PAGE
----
Jessup: In the first audition and network test, there was no full script available. It wasn’t ready at that point. And the description of the part and the show was extremely brief and vague, so I didn’t know it was about a sexual assault. I had to piece it together from little clues in the scenes, which, weirdly, was not that different than the actual process of shooting the show. Taylor is someone that clearly struggles to verbalize things, struggles to coalesce around a certain way of saying something. He claims not to remember what happened very well; he remembers in fragments, he remembers bits and pieces, he remembers feelings. So it’s very visual. That removal from exposition was helpful, and it also made it fun. When you’re given a full script and extensive breakdown and notes from the casting directors, you feel like you know what they want. That’s helpful, but you feel cornered. You feel like they made a point of saying they wanted this, so I’m going to have to portray some version of this. Here, you don’t have any of that. You can kind of do whatever you want. By the time we were working on the show, you show up and the person sitting across the table from you is Lili Taylor, for example. [She played Taylor’s mother.] I don’t know what kind of actor I’d be if I was given this script, and given Lili, and wasn’t able to do at least a little something with that. I’d feel like a total failure as an actor.
On the possibility of a third season of American Crime.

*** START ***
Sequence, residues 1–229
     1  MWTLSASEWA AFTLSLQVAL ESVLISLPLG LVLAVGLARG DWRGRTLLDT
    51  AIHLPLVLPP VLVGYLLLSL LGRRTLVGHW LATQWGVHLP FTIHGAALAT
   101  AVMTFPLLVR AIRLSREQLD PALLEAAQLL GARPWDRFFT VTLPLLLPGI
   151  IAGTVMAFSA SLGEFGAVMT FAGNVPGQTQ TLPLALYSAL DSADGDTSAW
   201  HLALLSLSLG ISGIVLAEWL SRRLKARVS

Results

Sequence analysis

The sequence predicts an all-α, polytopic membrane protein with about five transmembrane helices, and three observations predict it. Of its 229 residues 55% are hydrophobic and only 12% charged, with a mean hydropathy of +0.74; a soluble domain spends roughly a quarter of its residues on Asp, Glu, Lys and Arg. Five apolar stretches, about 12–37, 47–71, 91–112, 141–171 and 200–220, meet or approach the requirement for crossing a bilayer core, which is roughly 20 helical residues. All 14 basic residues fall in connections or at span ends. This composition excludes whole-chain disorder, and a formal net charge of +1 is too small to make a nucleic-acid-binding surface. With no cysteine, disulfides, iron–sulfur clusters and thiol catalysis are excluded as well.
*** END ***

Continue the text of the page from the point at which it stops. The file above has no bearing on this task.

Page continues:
Ridley: I really believe in my heart that in the end everything is going to work out the way it needs to work out. I could not have had bigger and better supporters than ABC. I’m not saying that in the past tense as if there won’t be a third season. But other than sitting around in passing thinking about what stories I want to engage in, I really haven’t gone through the process in thinking a lot about the show. Irrespective of what happens, ABC has done something that is just singular. I would certainly love to have the opportunity to do more, but I don’t know specifically what more there is to do. We’ve been so blessed bringing these kinds of stories, things we did in front of the camera, behind the camera, the kinds of opportunities we’ve provided. To me, that would be the biggest thing — just knowing how many of our directors are women or of color or different orientations; same thing with our producers, same thing with our crew. That’s the space that we want to provide, so that’s the biggest thing.
Jessup: Of course, I’d want to be on it! I don’t know what John and Michael want to tackle if there is a season three. Season two was very conducive to having younger characters because it revolved around schools. Season one didn’t. If they want to have me back, I’d be there at the drop of a hat. This show was the best experience I’ve ever had.